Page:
As tends to happen with books with a triangle of characters at the center, The Folly charts a number of shifts in the power dynamic within that triangle. The terse conflicts and camaraderie that arise from their interactions–Mr. Malgas and Nieuwenhuizen soon bond–are magnified in the reading experience due to the general absence of any other characters. Aside from a taxi driver who drops Nieuwenhuizen off at the start of the book, the trio of central characters are, for all intents and purposes, the only people who exist in the novel’s universe until very late in the book.
As the novel reaches its halfway point and Nieuwenhuizen envelops Mr. Malgas into his plan to build his home, the prose gradually moves from rapid-fire to more languorous. And slowly, Nieuwenhuizen demarcates the boundaries of his house, and Mr. Malgas begins to see it. (Strangely, this kind of infectious dream is also an idea that suffuses Lauren Beukes’s recent Broken Monsters, a hallucinatory crime novel set in present-day Detroit. Other than the fact that Beukes and Vladislavić are both acclaimed South African novelists, there doesn’t seem to be much to connect them–but it’s fascinating to see the radically different ways in which they handle this concept: horrific in one case, nerve-wrackingly comic in the other.) Reality has forsaken at least one member of the Malgas family, and Nieuwenhuizen becomes even more abstract–a passage late in the book finds him surrounded by “a cloud of dust and typography.” Much as Nieuwenhuizen gradually beckons the Malgases into his strange and dreamlike world, Vladislavić ushers the reader into a strange and liminal space, and leaves a number of mysteries unanswered.
Stylistically, many of the stories in the collection 101 Detectives are more grounded. There’s a brief return to the world depicted in Double Negative; there are scenes of corporate satire and linguistic confusion–a character in “Report on a Convention” mishears “Bhuti” and wonders why nearly everyone is being addressed as “Booty,” for instance. After reading a few of these stories, one is left noticing the way in which they’ve been organized: though the stylistic range on display is vast, Vladislavić finds points of connection between this disparate group of works.
Make no mistake, these stories do shift wildly in tone, both from story to story and sometimes within the same story itself. At first, “The Reading” seems like a satirical take on literary culture, as Akello, the author of a memoir about unspeakable trauma is asked to read it in the language in which it was written, which no one else in the room happens to speak. Out of these beginnings, Vladislavić moves on to explore questions of connection, ending on a haunting and moving image even as the more free-associative sections earlier in the same work memorably capture a number of characters’ quirks, obsessions, and distractions. There’s room enough for a knowing image, such as “[f]our of the page-counters estimated that Akello had reached the halfway mark,” without losing the power of the story’s conclusion.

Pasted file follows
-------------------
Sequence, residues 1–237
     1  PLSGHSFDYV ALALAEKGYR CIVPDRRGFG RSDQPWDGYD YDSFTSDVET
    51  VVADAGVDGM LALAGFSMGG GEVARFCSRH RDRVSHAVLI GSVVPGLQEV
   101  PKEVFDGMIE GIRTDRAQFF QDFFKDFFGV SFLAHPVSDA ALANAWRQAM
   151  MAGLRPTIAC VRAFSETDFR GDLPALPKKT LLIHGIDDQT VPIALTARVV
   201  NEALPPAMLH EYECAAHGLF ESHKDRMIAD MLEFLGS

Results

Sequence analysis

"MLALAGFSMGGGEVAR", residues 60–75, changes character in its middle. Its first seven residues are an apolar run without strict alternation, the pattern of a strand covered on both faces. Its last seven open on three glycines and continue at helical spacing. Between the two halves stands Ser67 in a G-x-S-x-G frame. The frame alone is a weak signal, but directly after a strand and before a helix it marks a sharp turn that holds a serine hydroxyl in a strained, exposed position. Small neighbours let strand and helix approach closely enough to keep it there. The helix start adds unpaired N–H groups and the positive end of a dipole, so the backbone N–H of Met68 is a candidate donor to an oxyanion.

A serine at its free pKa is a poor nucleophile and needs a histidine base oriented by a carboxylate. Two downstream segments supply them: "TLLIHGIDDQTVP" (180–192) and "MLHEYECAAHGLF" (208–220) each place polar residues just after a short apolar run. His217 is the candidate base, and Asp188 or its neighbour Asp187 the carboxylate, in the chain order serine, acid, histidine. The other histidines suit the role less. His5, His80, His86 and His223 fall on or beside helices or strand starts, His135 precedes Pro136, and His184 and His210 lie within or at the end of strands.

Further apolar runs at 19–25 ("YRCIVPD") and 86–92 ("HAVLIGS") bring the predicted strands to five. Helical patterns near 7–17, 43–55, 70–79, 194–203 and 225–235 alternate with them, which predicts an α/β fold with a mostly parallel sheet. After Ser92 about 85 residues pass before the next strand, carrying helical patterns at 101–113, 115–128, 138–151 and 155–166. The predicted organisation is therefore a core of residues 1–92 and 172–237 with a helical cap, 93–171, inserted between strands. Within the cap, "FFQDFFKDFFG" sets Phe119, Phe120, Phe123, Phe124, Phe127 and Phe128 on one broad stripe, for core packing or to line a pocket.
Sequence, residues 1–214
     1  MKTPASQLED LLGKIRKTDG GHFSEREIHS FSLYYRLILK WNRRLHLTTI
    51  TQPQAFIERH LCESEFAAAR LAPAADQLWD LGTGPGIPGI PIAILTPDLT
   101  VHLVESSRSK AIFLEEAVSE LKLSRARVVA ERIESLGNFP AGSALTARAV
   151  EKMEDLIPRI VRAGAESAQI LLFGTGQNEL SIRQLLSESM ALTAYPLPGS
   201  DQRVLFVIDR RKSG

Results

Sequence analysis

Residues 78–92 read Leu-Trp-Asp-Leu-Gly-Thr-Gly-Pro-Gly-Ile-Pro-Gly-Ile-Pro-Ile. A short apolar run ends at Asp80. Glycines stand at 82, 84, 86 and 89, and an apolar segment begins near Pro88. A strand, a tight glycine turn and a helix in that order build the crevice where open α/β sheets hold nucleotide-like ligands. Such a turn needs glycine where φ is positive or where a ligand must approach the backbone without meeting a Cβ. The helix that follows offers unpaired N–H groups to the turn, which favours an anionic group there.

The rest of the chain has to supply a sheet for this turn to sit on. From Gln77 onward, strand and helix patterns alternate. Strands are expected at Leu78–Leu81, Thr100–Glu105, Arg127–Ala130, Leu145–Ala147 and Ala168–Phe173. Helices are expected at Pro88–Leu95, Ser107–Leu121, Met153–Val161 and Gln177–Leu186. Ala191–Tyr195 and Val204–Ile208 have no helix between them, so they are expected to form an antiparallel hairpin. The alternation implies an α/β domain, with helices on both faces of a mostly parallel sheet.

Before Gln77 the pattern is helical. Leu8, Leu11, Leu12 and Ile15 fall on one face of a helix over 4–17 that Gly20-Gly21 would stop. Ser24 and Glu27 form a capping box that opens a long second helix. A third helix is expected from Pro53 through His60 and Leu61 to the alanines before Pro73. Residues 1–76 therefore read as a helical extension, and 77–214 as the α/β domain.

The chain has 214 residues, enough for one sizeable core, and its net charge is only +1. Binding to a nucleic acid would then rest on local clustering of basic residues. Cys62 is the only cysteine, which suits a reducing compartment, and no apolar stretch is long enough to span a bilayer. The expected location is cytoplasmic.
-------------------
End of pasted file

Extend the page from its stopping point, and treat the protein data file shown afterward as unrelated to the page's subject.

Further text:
Corporate satire plays a part in several of these stories; for all that Vladislavić can understandably be compared to the likes of Teju Cole and Edward St. Aubyn, stories like “Exit Strategy,” whose main character is referred to as “the corporate storyteller,” and “Industrial Theater” call to mind the likes of Tom McCarthy’s Satin Island and David Foster Wallace’s “Mister Squishy.” Even the title story explores ideas of archetypes and employment, as a detective as a conference attempts to figure out just what sort of detective he happens to be. While the range of work on display in 101 Detectives is impressive, not all of the stories land with the same emotional impact. “The Reading” does a fine job of interrogating the humanity of a broad selection of characters; others don’t resonate quite as much. In The Restless Supermarket, Vladislavić was able to make Aubrey Tearle, a character who might be despicable on paper, more fully-formed. It’s one of Vladislavić’s great skills as a writer: even the sometimes hapless Malgases in The Folly come off as fully human, despite the surreal and satirical world around them. 101 Detectives does feature these moments of humanity, but it also showcases a bleaker side of Vladislavić’s fictional vision.
by Ivan Vladislavic
by Ivan Vladislavic